Mattis vows DREAMers serving in military will not be deported

Mattis vows DREAMers serving in military will not be deported

Defense Secretary James Mattis said immigrant members of the military who are now protected by the Deferred Action for Childhood Arrivals program will continue to be protected - even if the program expires without congressional action next month.

Exceptions could arise for individuals who commit a felony or has received a deportation order from a federal judge.

Secretary of Defense James Mattis on Thursday told reporters that members of the military now protected under the Deferred Action for Childhood Arrivals (DACA) program will not face deportation.

People who are on active duty or serve in the reserves won't be targets for deportation, he said, adding that veterans with honorable discharges would also be guaranteed safe harbor in the US, along with new recruits who are 'signed up and they're waiting to go into boot camp'.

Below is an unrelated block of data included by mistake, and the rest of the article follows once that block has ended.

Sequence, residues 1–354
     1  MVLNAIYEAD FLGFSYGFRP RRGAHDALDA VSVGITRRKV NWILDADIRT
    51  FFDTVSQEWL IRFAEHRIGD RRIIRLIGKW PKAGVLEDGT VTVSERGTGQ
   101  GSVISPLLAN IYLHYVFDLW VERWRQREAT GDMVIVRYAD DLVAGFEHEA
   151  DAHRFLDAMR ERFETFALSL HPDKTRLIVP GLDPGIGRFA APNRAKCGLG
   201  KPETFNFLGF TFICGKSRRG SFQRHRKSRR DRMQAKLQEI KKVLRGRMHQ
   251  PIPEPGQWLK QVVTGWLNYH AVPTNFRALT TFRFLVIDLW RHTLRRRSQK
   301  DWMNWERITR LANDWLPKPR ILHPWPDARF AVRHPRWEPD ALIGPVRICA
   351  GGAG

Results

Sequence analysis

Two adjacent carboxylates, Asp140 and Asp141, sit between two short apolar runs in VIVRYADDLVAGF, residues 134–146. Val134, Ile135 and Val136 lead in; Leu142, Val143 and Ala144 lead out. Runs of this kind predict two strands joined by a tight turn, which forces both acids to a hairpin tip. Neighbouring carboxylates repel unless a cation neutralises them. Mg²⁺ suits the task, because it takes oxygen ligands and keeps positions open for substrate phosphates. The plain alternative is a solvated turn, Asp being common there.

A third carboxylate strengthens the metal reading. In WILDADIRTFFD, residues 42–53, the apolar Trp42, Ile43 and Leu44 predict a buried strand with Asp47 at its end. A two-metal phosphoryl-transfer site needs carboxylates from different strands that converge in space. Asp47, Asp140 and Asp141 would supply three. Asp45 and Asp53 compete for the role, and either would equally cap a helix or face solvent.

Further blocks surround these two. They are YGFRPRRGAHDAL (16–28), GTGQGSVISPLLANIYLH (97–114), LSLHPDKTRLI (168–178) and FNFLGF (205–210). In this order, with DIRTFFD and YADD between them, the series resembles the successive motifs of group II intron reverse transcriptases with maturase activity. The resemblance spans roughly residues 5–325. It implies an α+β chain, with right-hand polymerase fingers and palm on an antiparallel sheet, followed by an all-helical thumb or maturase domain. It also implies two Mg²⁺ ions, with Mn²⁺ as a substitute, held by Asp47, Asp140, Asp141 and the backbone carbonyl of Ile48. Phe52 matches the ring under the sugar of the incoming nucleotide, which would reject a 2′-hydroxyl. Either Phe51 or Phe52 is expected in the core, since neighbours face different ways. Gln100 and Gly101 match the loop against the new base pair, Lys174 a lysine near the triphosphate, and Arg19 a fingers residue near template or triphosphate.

But relatively few members of the military now benefit from DACA.

Snow and freezing rain on the way for southern Ontario
Freezing rain warnings are issued when rain failing in sub-zero temperature creates ice buildup and icy surfaces. Between two and five millimetres of freezing rain are expected.

House Speaker Paul Ryan said he'll bring a solution to the Deferred Action for Childhood Arrivals program to the House floor.

"I'm working right now with the secretary of Homeland Security", he said.

DACA service members are all people with a particular set of skills, such as being fluent in a key language, who came into the military through the Military Accessions Vital to the National Interest program. So far, Congress has yet to agree on a solution for the roughly 690,000 people who are now DACA recipients.

In September, Trump by executive order rescinded the DACA program and set its expiration date for March 5.

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